As I carried around and used a pre-production model of Samsung's Galaxy Tab in Toronto during a regrettably brief two-day evaluation, I learned an interesting thing: It's been half a year since the iPad launched, but people are still extremely curious about tablets.
Commuters stole long glances on the subway, diners asked questions in a restaurant, and parents all but interrogated me while I sat on a bench at my daughter's playground. A school teacher, a businesswoman, a stay-at-home dad, an elevator maintenance worker, and even an awkward elementary school student expressed interest in it.
I fielded several questions from people asking if it was Research in Motion's recently announced , and still more from people wondering whether it was some sort of tablet/phone hybrid. However, the most popular query I encountered was this: "Is it better than an iPad?"
As one of the first and most ballyhooed challengers to Apple's tablet supremacy - Rogers and Bell will begin offering it in mid-November but have yet to reveal prices or data plans (you'll also be able to buy it without a contract for between $650 and $700, according to Samsung - about the same as an iPad) - it's fair to wonder how the two stack up. Thing is, they feel surprisingly different from one another.
For starters, the Tab is only about half the size and, at 380 grams, a little more than half the weight of an iPad. Its bright, seven-inch TFT LCD has a resolution of 1024-by-600, which is lower than an iPad but, given its smaller size, higher in pixel density, meaning you're less likely to make out individual dots of light when viewing it closely.
Unlike the iPad, I find I can hold it in one hand for long durations with ease. Surprisingly, I found it fit easily into the pockets of my loose khakis when I was going for a walk, though, admittedly, it created a rather large bulge. Still, I appreciated this unexpected semi-pocketableness when I wanted to hold a drink in one hand and my daughter's paw in the other.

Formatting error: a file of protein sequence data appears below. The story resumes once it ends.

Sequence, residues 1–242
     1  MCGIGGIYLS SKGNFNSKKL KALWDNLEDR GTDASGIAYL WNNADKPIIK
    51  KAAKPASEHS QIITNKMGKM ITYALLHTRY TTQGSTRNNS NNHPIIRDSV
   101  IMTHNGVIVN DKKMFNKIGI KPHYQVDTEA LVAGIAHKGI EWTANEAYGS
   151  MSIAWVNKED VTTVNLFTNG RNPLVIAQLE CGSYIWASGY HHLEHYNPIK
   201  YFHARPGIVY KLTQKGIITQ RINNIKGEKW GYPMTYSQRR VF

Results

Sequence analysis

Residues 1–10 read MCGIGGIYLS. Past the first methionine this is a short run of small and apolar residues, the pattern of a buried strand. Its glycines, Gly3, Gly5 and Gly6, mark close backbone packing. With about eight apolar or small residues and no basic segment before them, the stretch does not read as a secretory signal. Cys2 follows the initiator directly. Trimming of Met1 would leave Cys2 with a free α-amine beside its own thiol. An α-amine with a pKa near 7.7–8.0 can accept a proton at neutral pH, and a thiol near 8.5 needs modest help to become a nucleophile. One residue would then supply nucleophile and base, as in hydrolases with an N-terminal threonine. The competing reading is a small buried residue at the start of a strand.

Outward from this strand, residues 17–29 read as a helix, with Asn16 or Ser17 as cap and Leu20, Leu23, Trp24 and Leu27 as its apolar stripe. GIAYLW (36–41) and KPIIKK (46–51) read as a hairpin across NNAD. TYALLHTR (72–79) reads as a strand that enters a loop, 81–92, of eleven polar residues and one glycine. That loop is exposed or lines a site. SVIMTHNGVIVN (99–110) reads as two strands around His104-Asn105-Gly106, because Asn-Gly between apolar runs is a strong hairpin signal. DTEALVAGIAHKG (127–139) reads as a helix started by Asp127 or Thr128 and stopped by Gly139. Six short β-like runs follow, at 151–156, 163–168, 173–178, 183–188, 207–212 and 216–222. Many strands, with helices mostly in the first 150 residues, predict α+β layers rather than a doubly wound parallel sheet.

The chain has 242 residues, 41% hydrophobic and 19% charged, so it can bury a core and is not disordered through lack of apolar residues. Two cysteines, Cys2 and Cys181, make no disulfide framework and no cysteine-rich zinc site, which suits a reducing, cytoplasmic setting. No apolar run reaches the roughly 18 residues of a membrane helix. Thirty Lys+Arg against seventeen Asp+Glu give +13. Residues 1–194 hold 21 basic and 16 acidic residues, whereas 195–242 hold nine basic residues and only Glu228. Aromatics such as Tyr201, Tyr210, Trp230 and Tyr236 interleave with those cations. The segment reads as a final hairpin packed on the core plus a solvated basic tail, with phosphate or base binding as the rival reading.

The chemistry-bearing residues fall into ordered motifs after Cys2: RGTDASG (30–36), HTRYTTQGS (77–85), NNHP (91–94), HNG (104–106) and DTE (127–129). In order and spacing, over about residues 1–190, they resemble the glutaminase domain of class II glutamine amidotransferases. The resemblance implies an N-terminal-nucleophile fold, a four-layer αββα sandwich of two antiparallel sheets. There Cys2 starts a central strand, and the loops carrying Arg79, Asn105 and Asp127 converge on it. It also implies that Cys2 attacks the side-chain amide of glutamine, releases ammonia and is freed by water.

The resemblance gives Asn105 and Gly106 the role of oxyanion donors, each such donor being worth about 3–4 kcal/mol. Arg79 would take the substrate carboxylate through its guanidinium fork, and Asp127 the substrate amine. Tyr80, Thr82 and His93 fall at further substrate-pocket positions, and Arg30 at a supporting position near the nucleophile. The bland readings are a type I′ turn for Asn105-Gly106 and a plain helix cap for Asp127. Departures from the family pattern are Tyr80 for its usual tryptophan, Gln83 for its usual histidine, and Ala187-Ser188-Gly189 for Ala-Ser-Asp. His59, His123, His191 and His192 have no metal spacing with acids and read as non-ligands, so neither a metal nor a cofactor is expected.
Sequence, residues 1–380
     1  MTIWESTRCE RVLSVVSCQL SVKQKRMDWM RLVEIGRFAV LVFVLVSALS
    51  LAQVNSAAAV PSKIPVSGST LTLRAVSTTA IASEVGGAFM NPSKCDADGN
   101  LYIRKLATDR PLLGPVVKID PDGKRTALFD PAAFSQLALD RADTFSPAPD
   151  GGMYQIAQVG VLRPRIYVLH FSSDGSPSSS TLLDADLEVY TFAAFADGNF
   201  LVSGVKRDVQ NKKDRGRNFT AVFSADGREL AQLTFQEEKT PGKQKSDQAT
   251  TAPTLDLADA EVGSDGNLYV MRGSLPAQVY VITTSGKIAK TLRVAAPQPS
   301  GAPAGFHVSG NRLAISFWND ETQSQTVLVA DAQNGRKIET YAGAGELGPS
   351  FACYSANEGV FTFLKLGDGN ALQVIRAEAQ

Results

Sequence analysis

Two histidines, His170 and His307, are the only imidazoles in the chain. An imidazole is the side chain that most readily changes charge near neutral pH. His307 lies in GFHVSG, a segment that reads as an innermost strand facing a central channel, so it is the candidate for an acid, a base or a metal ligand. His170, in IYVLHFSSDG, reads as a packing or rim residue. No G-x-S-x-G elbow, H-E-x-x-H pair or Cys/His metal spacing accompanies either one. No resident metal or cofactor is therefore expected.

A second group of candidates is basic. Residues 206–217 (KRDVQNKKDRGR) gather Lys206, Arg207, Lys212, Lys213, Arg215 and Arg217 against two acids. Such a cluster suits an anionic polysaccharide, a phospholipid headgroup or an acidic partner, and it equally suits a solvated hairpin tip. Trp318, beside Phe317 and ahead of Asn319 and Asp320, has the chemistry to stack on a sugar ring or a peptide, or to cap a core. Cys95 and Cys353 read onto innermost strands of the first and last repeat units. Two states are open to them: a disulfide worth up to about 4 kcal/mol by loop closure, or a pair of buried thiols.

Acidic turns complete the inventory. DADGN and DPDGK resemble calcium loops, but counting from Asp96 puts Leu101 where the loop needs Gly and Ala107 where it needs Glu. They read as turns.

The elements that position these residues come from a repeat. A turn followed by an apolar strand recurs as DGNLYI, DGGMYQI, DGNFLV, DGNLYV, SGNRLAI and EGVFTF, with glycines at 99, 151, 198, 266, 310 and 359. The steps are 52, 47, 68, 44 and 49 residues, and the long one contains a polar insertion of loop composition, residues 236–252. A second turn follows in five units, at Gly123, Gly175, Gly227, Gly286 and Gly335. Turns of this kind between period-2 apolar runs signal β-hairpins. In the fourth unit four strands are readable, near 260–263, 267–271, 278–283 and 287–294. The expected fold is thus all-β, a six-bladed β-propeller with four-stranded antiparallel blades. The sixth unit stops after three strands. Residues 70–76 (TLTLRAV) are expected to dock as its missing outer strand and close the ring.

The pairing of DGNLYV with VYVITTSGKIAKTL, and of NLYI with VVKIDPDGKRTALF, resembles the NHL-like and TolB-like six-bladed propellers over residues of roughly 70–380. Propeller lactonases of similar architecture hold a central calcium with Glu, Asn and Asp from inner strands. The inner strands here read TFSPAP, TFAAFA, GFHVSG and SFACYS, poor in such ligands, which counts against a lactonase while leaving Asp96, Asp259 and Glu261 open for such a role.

With a 1GHz processor and 512MB of memory, it's just as nimble as an iPad. There's virtually no wait between tapping an app tile and its launch. The user interface feels much the same as that of the phones that share its operating system - specifically Samsung's handsets. The Korean company's TouchWiz 3.0 UI overlay - found in sister devices like the - is all but identical.
The virtual keyboard is also similar to previous offerings from Samsung, and the screen is narrow enough that smart phone-style thumb-typing feels fairly natural. Haptic feedback - brief vibrations that come with each tap of the screen (which I find make for a more confident and comfortable touch-typing experience) - is switched on by default.
A benefit of the Tab's smaller size is that it may be more appealing than an iPad for people who plan to use it as an eReader. Samsung's Reader HUB app uses Kobo for novels, a clean and simple reading program that I've used on other devices and enjoy. And the Tab's screen is a perfect size for a standard page of paperback text.
Reader HUB also features PressDisplay, which provides access to some 1,600 newspapers, and Zinio as a portal to more than 2,000 magazines, though these services weren't up and running for my evaluation. I wonder, though, how a magazine page will look on such a small screen. I suspect the iPad's much larger display - which I currently use to read visually rich publications like Wired - is better suited for this style of reading.
On the subject of apps, selection will likely play a key role for those choosing between an iPad and a Tab. Apple's slate now has more than 25,000 platform-specific apps while the Tab has almost none, save those that Samsung has developed itself and placed on this device, such as an email app with a pleasantly clean interface and dual panes when viewed in landscape mode, and Samsung's Social Hub, which combines feeds from various social networks (though it wasn't installed on my pre-production unit). More of these device-specific apps created by Samsung and its partners will be rolled out through the Samsung Apps portal.
However, just as the iPad is capable of running iPhone apps, so too can the Tab run apps originally intended for an Android phone. But there's an important difference: Whereas iPhone apps appear blurry when enlarged for the iPad's bigger screen, Android apps scale more cleanly to the Tab display - assuming they've been designed according to Google's recommended development standards.
A Samsung engineer told me that about 90 per cent of Android's most common apps run well on the Tab. I tried a handful of free ones - Twitter, Angry Birds, Bloomberg, and ESPN ScoreCenter, to name a few - and they all looked nice and performed well. The only sign that they were intended for a smaller screen is that their text and buttons felt a bit large. This sort of problem doesn't exist for iPhone apps that have been redesigned to create a user experience better suited to the iPad's larger screen.